By Dan Kubiske | October 25th, 2010
The USC Annenberg School of Communication and Journalism is now accepting applications for the Knight Luce Fellowship for Reporting on Global Religion.
The stipend is $5,000 – $25,000 to allow American journalists to report and write stories illuminating how religion crosses geographic, temporal and ideological borders.
From the USC Annenberg site:
Applicants should consider what these dynamics reveal about personal identity, political power, the search for meaning, the nature of conflict and the construction of community. Their stories can explore how religion, religious institutions and religious people (1) effect change in on-the-ground social, political, and economic conditions; (2) circulate ideas and ideologies among home and diaspora communities; and (3) promote or inhibit religious and political coexistence and cooperation. Stories must be reported outside the U.S., although they may include an American context for contrast or comparison.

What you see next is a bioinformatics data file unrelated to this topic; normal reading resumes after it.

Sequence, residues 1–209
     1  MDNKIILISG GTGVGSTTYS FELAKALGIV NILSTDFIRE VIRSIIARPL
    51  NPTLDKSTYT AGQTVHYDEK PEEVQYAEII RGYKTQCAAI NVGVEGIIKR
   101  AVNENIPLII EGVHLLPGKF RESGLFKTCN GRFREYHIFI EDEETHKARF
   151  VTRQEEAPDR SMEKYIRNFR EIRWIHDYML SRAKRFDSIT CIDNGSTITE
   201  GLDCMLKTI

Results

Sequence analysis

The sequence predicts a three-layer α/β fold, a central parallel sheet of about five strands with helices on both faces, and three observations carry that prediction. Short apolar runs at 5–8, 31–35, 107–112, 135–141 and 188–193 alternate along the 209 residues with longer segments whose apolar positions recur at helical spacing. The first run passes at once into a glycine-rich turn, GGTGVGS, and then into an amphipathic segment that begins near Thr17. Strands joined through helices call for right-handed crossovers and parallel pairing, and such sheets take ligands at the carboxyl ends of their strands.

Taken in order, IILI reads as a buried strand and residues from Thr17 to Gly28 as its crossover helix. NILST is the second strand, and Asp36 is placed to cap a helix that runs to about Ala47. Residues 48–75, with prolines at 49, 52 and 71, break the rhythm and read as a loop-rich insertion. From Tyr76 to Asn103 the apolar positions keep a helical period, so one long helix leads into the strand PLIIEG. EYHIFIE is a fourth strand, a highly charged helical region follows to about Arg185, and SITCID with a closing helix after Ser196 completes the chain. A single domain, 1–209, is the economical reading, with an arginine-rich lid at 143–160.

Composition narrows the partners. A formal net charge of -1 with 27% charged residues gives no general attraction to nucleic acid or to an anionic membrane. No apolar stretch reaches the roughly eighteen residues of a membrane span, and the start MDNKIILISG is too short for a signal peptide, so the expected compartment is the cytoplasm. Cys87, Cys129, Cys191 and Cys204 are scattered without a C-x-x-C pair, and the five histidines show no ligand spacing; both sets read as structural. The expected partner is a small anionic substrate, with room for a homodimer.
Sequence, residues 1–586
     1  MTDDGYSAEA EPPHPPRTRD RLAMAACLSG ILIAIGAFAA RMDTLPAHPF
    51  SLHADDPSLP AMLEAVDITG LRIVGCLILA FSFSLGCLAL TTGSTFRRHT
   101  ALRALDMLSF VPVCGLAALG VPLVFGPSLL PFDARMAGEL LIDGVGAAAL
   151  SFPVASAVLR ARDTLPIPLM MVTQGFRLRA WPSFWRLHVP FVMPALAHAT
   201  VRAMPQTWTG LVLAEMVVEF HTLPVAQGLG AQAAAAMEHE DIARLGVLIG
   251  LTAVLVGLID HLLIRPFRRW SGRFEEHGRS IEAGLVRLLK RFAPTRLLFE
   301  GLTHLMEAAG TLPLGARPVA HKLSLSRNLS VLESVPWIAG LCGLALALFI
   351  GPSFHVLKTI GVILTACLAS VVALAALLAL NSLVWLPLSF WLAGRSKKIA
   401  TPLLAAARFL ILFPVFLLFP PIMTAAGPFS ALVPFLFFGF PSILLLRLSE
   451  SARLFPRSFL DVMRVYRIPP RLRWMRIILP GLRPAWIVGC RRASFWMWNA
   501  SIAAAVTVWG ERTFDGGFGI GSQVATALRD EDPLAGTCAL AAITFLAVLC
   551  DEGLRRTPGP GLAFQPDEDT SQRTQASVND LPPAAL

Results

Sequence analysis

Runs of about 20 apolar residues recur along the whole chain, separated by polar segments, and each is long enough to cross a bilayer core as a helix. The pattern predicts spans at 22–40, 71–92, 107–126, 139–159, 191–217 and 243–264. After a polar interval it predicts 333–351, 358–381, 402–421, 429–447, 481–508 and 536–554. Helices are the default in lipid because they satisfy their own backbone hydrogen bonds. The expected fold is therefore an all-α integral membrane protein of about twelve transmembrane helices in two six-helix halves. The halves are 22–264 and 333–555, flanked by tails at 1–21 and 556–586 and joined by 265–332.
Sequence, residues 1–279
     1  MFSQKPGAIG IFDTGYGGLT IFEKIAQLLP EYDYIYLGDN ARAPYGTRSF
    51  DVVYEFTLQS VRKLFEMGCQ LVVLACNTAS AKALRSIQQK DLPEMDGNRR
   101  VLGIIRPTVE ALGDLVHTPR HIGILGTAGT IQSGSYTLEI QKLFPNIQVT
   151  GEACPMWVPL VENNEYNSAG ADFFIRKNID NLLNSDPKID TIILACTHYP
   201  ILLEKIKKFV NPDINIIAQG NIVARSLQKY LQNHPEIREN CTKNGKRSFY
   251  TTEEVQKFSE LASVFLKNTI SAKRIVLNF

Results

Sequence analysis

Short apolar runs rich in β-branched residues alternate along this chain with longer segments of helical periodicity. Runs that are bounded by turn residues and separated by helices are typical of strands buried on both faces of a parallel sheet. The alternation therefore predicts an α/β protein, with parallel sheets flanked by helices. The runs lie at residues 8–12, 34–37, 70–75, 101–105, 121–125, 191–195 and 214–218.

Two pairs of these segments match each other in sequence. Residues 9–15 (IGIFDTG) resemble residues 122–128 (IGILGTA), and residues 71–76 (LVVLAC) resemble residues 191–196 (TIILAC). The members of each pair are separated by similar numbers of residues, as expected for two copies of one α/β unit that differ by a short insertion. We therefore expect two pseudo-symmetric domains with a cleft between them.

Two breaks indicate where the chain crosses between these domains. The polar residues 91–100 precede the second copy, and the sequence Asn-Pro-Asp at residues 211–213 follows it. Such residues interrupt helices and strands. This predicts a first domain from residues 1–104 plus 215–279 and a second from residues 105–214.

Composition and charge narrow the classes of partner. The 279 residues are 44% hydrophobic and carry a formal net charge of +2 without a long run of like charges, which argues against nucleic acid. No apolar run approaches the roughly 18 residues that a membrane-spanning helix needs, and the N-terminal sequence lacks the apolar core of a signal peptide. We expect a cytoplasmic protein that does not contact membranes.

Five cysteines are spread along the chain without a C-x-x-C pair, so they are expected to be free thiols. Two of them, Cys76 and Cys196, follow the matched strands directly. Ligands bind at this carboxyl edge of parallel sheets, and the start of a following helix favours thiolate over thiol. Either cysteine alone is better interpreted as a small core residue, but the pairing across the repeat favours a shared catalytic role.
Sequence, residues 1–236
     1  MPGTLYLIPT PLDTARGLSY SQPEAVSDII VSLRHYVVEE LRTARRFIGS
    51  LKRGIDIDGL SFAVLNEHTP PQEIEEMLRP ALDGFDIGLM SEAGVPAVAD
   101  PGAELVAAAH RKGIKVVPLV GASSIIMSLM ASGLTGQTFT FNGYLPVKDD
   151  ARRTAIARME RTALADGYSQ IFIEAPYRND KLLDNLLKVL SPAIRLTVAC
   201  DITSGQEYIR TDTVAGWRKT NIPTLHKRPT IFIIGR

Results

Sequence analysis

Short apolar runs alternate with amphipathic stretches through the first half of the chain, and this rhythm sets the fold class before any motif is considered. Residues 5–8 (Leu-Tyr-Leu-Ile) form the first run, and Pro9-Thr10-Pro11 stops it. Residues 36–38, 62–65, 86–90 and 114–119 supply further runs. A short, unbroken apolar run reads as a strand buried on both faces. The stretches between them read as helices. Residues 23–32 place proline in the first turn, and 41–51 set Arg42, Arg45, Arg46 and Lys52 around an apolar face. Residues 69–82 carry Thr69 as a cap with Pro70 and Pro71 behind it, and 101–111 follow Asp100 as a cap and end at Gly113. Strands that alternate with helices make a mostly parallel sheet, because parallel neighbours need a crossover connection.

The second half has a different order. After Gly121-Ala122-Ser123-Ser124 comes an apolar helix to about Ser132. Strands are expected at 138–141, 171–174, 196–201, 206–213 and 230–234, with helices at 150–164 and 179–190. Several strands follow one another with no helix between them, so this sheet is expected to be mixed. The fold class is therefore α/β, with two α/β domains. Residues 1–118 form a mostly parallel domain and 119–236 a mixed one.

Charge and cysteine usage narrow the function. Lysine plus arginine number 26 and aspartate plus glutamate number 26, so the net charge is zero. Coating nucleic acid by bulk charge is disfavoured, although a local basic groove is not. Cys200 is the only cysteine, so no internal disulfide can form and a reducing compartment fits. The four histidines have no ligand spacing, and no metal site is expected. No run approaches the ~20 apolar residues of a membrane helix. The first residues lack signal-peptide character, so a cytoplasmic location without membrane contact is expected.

Successful applicants are required to do at least three stories for multiple delivery platforms: print, radio, TV, online. All work is to be completed within six months of getting the award and must be finished by December 31, 2011.
Several fellows will be invited to spend three days in residence at the University of Southern California once all the projects are done. Those invited to USC will conduct master classes for journalism students, present their work in seminars, and deliver public lectures for the USC community.
The Anneberg office stresses that this is a program for working journalists, not journalism students or journalism educators.
Fortunately for many of us, freelancers or self-employed journalists individuals who regularly publish, post and/or broadcast online, in print or over the airwaves are eligible. Applications must include either a letter of recommendation from an editor/manager of an organization that regularly posts, publishes or broadcasts the applicants work or by an experienced journalist who can speak to the applicants work in convincing detail.
No advanced degree or specialized training in religion is required.
Click HERE to contact the USC Annenberg office for more information.